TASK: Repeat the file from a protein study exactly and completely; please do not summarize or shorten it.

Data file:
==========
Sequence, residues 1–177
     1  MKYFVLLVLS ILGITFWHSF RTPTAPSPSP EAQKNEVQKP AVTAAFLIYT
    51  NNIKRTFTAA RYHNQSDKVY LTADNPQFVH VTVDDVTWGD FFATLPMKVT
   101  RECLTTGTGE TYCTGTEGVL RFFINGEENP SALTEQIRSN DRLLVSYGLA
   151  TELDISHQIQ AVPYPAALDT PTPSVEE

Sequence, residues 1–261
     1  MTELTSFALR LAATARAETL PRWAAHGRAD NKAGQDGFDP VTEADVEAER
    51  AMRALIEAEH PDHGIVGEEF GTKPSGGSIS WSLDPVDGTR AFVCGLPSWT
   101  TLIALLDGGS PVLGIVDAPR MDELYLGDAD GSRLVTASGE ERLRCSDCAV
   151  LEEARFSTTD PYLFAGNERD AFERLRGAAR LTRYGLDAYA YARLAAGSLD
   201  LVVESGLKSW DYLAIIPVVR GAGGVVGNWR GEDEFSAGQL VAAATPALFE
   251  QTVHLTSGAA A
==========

Sequence, residues 1–177
     1  MKYFVLLVLS ILGITFWHSF RTPTAPSPSP EAQKNEVQKP AVTAAFLIYT
    51  NNIKRTFTAA RYHNQSDKVY LTADNPQFVH VTVDDVTWGD FFATLPMKVT
   101  RECLTTGTGE TYCTGTEGVL RFFINGEENP SALTEQIRSN DRLLVSYGLA
   151  TELDISHQIQ AVPYPAALDT PTPSVEE

Sequence, residues 1–261
     1  MTELTSFALR LAATARAETL PRWAAHGRAD NKAGQDGFDP VTEADVEAER
    51  AMRALIEAEH PDHGIVGEEF GTKPSGGSIS WSLDPVDGTR AFVCGLPSWT
   101  TLIALLDGGS PVLGIVDAPR MDELYLGDAD GSRLVTASGE ERLRCSDCAV
   151  LEEARFSTTD PYLFAGNERD AFERLRGAAR LTRYGLDAYA YARLAAGSLD
   201  LVVESGLKSW DYLAIIPVVR GAGGVVGNWR GEDEFSAGQL VAAATPALFE
   251  QTVHLTSGAA A